FIG. 7 shows an exemplary data structure layout for the credit descriptor 56, which is accessed by both the producer and consumer. Accesses to a credit descriptor can thus cause cache coherence traffic on the FSB 16. The credit descriptor 56 holds a Credits field 100 and a Lock field 102. The Credits field 100 is a count to indicate the number of free locations available on the ring. The initial value in the Credits field 100 is the maximum size of the ring (that is, the number of locations, based on the specified ring size.) The Lock field 102 is a bit used to allow exclusive access to the Credits field 100 by producers and consumers. Both producer and consumer lock the Credit Descriptor by setting the Lock bit in the Lock field 102 before modifying the Credits field 100. They can obtain and release the mutual exclusion lock represented by the Lock bit with an atomic swap instruction using well-known algorithms, and can modify the Credits value only when they have acquired the lock.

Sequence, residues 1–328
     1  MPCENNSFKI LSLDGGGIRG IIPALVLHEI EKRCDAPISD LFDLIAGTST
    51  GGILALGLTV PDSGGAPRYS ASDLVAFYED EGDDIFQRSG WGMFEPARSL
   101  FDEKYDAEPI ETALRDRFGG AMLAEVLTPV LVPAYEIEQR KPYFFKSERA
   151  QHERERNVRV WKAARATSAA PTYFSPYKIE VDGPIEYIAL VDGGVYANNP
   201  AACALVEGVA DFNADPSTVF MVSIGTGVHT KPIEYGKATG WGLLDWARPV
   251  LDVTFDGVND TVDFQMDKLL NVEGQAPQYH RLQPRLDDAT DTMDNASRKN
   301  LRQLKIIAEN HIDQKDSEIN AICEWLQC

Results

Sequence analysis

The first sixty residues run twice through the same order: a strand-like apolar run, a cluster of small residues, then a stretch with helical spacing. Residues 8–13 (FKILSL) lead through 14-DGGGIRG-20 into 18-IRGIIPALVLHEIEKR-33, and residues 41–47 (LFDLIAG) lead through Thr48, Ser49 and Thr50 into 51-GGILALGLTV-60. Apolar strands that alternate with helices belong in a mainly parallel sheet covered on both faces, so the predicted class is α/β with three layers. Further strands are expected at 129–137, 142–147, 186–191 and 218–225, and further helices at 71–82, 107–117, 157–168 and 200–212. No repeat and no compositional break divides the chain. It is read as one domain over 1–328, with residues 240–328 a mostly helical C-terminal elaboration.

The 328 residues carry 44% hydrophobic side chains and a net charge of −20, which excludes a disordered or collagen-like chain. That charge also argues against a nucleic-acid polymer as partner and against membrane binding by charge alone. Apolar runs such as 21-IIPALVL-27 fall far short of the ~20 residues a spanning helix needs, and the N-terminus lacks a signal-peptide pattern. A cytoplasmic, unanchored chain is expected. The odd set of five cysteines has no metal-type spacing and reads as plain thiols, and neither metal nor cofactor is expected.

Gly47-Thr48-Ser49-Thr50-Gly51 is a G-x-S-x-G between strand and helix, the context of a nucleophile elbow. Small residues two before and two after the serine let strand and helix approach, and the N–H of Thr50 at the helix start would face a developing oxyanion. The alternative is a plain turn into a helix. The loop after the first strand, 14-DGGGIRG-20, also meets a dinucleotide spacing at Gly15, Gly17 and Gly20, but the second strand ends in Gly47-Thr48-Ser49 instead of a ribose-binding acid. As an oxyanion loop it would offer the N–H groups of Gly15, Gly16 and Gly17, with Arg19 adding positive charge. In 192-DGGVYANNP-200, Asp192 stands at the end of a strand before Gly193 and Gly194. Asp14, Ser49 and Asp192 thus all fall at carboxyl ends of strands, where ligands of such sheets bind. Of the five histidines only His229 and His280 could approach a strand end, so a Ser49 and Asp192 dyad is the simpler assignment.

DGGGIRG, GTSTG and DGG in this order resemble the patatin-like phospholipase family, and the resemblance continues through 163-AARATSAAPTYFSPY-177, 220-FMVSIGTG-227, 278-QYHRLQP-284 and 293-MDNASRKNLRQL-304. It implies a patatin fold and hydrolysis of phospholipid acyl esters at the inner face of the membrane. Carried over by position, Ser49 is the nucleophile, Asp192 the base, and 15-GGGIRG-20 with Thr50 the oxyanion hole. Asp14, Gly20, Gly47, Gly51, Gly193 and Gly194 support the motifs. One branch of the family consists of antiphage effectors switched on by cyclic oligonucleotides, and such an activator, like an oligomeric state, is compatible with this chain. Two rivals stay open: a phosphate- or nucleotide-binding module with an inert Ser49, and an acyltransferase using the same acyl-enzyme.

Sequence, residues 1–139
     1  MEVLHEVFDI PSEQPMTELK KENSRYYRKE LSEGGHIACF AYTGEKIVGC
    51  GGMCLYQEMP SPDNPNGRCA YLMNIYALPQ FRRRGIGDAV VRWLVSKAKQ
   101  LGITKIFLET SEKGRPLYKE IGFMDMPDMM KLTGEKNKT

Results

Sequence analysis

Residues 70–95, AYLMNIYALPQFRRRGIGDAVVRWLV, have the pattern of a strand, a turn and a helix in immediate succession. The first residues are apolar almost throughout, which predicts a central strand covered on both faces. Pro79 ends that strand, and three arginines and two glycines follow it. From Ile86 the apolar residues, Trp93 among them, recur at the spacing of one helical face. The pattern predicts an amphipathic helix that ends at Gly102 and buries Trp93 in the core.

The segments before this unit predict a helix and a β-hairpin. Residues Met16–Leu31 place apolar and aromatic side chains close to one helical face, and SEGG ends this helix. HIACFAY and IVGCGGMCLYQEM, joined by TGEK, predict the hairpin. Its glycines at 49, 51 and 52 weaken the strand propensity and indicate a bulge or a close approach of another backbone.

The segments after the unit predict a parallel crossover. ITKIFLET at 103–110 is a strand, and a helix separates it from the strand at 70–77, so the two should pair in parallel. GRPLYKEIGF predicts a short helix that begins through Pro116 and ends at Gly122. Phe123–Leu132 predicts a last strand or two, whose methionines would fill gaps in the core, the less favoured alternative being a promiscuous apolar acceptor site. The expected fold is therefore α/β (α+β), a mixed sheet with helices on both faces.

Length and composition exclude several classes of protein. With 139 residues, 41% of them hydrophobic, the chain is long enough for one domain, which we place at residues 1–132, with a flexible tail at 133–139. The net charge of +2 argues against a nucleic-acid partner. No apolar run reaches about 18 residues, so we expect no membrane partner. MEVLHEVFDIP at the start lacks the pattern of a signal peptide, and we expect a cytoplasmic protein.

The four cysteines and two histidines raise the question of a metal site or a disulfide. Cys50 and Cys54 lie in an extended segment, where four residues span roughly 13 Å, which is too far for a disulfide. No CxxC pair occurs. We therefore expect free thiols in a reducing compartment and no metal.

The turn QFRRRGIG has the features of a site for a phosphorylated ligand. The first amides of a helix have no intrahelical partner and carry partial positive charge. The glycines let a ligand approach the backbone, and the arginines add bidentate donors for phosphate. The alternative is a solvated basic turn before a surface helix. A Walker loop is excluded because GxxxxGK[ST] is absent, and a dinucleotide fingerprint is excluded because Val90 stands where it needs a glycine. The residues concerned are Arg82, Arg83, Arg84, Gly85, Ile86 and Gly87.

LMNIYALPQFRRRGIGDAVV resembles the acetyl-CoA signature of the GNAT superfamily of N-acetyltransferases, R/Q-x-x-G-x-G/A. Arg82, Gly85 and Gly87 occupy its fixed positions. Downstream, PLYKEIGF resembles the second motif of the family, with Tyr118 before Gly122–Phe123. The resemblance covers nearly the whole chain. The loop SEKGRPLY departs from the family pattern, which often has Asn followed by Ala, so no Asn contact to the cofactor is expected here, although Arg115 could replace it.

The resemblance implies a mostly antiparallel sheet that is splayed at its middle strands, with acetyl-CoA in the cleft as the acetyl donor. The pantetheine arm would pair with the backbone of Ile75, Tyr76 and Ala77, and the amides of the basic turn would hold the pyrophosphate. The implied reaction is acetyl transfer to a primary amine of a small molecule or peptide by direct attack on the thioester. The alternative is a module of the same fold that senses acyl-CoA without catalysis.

Ring credit exchange between a consumer and producer might represent the actions of a single ring user at each end of the ring, or might represent the collective actions of a multiplicity of ring users sharing that ring at either end. Each user on a shared ring can use the mutual exclusion lock to atomically draw credits from the public credit count into a local, private variable or to return credits to the public pool. The public credit count value is incremented by the consumer and decremented by the producer as credits are moved from a consuming user's private local “pool” (a private credits count maintained in a local credits variable by a user at the consuming end of the ring) to the public credit pool (that is, the credit descriptor's Credit field value e.g. Credits 100 in credit descriptor 56) to a producing user's private local pool (a private credits count maintained in a local credits variable by a user at the producing end of the ring). In the illustrated embodiment, the ring users themselves maintain the local credit variables and perform the credit management. Alternatively, or in addition, the private credits count(s) could be stored with other local variables in the ring descriptors (the head descriptor for a consumer's private credit count and the tail descriptor for a producer's private credit count).